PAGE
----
A well-executed play can make or break any game—we know this. But the stakes are exponentially higher in early February, when two NFL teams meet to battle it out in the Super Bowl. Some of the best plays in Super Bowl history have changed the entire course of a game; others have provided a moment of celebration for a team on its way to (or in the throes of) a tough loss. No matter the final outcome, a great play brings excitement and energy to an already electric sporting event.
These are the best plays in Super Bowl history.
30. Super Bowl XXIII: Montana to Taylor
The chemistry between Joe Montana and John Taylor on this play earned coach Bill Walsh one final NFL title.
29. Super Bowl XL: Records Are Meant to Be Broken
Forgive us for including two moments from Super Bowl XL, but Willie Parker's 75-yard touchdown run became the longest in Super Bowl history. We don't need more justification than that.
28. Super Bowl XLII: A Perfect Upset
The Patriots almost put themselves in ranks with the Miami Dolphins for an undefeated season, until a crucial pass from Eli Manning to Plaxico Buress gave the Giants the lead—and soon after, the game.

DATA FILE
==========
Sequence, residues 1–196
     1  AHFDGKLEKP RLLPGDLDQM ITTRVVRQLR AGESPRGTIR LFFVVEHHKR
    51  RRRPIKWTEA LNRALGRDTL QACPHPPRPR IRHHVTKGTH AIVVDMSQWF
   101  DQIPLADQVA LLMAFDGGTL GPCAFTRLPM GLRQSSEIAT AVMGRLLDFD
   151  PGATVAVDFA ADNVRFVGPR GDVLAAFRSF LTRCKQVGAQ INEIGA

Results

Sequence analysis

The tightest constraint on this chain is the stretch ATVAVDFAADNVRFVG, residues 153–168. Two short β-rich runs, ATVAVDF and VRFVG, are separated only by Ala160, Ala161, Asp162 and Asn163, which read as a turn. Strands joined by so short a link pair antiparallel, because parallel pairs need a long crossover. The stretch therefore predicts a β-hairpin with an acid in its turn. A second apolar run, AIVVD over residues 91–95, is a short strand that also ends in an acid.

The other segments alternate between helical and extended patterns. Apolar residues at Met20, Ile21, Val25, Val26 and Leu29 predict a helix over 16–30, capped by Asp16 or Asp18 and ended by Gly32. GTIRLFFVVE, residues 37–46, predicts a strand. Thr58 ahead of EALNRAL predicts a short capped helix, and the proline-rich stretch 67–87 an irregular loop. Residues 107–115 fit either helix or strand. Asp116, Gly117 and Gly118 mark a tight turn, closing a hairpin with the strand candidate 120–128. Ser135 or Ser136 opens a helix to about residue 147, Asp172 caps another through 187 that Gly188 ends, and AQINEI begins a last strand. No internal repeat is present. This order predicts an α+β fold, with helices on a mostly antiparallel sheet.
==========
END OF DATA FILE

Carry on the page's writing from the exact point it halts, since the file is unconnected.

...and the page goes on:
27. Super Bowl VII: Super Bass
In a moment of chaos, the Redskins' Mike Bass found clarity, snatching a blocked ball and carrying it 49 yards for a touchdown. The Dolphins of course went on to solidify their perfect season, but for a brief moment, the Redskins had them shook.
26. Super Bowl XXXIV: The Tackle
Rams linebacker Mike Jones crushed the last-minute dreams of the Tennessee Titans when he tackled Kevin Dyson just short of the goal line, eliminating all possibility of a game-tying touchdown.
25. Super Bowl XVII: S.W.A.T. Team
With a casual swat, Joe Theismann saved the day from a Miami TD that could have cost Washington the game.
24. Super Bowl XVII: Comeback at the 41
Just when you thought the Dolphins had the Redskins, John Riggins swiftly escaped Don McNeal at the 41 and sailed down the field, kickstarting a major Super Bowl comeback.
23. Super Bowl XXVII: Unbel-Beebe-ble
A fumble within a fumble. Even though the Bills lost, Don Beebe showed everyone watching that the play ain't over 'til it's over.
22. Super Bowl XXXII: Elway's Redemption
John Elway didn't make it all the way to the endzone, but he made it to the four-yard line, allowing Denver to take the lead and eventually, the title.